If you have a good relationship with your boss, just ask them about their decision. Don’t approach it like “Why did [Joe] get the [Senior Basketweaver] position instead of me”, ask “I had hoped I’d be considered for the [Senior Basketweaver] opening. Is there a specific reason I was passed over for the job?” Ultimately, you want to know what your boss’s rationale for the decision was, in terms that matter to you, not to the other person. You’re looking for feedback you can grow from, and you don’t want to come off vindictive and jealous, as if you’re questioning their decision. Of course, you are, but you’re doing it diplomatically, and that makes all the difference.
Depending on what your boss says, you’ll learn a lot about where you stand. If they give you a bunch of wishy-washy answers, maybe there’s something else at play. Listen closely and read between the lines. If they’re clear, they should let you know that it came down to experience, seniority, tenure or something else. Maybe they need you in the role you’re in because you’re just too good at it (again, a blessing or a curse), or because they just don’t think you’d thrive in the senior position because of what it entails. Whatever their reason, try not to take it personally and think critically about it. Besides, if what you really wanted was seniority or more money, it’s possible those things are available without taking a new job — you can always negotiate for more money or other worthwhile perks.
If You’re Still Angry, Update Your Resume and Start Looking
If the answers you get from your boss don’t help, or you’re getting the impression that you’re stuck in your current role with nowhere to go, it might be time to update your resume and look for somewhere with more opportunity for growth. After all, saying that you’re “looking for somewhere you can grow” or “a job with new and interesting challenges” is a common and generally well-accepted response when you’re asked why you’re leaving your current job in an interview. Plus, if you’re not on particularly bad terms with your boss, they will probably know and understand that if you’re going to be pigeonholed in your current role, you’ll probably look elsewhere for career growth.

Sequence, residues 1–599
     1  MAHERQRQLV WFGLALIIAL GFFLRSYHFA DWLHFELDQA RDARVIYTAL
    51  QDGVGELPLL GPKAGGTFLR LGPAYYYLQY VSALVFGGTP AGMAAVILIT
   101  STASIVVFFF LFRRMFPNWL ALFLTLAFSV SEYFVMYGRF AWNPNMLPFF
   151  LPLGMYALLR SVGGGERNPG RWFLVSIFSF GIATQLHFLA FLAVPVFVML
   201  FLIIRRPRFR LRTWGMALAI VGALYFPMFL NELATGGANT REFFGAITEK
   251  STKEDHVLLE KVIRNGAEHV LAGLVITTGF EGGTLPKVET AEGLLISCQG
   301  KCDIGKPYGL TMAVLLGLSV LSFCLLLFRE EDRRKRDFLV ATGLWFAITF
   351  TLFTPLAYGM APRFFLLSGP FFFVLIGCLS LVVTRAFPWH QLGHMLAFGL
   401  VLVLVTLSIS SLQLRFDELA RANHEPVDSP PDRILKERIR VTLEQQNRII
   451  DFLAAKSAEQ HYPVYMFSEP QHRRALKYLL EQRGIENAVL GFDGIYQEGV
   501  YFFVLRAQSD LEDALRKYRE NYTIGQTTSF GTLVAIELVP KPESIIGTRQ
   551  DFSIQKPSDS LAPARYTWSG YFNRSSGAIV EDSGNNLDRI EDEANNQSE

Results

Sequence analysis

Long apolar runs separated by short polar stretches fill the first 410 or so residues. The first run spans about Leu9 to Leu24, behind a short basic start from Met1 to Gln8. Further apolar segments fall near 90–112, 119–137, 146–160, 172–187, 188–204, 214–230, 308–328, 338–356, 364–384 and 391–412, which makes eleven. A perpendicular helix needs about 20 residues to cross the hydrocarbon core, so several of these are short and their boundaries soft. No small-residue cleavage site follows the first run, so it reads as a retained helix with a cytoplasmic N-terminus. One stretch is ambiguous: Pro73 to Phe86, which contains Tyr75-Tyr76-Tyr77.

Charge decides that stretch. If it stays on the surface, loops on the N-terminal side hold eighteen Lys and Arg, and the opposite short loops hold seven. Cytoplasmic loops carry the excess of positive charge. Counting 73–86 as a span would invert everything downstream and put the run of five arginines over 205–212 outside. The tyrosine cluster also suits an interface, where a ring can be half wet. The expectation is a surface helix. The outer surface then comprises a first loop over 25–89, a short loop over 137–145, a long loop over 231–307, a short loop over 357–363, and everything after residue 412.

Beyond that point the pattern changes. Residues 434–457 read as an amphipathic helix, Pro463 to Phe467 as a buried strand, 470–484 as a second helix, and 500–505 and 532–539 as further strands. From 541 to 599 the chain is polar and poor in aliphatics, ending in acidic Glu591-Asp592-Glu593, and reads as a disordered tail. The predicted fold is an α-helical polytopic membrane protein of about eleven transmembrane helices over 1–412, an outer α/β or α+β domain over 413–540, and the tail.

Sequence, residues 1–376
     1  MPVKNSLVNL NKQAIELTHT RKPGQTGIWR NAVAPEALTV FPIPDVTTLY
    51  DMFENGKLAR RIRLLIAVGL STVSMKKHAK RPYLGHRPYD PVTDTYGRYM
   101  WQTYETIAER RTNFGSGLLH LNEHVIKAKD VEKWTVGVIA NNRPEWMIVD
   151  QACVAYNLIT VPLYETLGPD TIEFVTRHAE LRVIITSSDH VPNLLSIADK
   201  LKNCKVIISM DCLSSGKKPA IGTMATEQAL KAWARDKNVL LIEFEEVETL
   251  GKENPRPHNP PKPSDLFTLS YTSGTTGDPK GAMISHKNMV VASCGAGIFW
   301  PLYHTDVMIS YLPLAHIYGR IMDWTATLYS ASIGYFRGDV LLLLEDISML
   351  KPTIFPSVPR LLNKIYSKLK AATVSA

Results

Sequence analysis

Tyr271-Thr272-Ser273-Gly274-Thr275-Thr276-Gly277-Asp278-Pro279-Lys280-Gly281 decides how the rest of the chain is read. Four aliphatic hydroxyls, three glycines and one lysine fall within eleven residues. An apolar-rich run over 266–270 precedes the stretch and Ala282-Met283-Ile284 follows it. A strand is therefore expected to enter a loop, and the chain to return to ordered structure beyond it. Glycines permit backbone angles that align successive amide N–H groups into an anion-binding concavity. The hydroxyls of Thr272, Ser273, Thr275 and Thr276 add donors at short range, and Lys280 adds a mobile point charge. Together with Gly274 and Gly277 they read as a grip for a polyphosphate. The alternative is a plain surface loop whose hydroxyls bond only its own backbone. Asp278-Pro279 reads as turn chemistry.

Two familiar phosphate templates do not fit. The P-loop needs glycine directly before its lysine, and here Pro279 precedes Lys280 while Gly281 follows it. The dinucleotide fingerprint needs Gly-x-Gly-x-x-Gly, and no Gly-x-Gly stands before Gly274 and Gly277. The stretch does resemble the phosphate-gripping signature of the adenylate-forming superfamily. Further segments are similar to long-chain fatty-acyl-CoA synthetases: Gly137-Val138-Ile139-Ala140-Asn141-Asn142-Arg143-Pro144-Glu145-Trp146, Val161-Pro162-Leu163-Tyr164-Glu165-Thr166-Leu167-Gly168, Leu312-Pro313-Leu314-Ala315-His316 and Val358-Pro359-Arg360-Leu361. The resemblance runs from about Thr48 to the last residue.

That said, don’t burn your bridges before you’ve found something new. There’s no reason to tell your employer that you’re looking for something else just because you didn’t get the promotion, and don’t just lash out and tell potential employers that you want to quit because of the promotion issue. It won’t do you any favours on either end. However, it’s good to have your options open, and it really might be time to move on. Just do it with both eyes open, not simply as a response to being passed over.
Of course, we’re offering this advice assuming that you were passed over for a promotion you deserved, in favour of an equally deserving person, and we’re not assuming malice or other unfair or preferential behaviour on the part of your employer. If you think that something untoward is at play here, you have other options, starting with a discussion with your internal HR department. But if you think something like that is happening, like you’ve been passed over for the boss’s nephew or a former intern is now your boss, it might be easier to just leave and look for work elsewhere.
We hope that helps you out a bit, Ruffled Feathers. Sorry to hear you didn’t get the promotion, but make sure it’s not a blessing in disguise — and even if it’s not, it may be a great time to polish up your resume and find something better.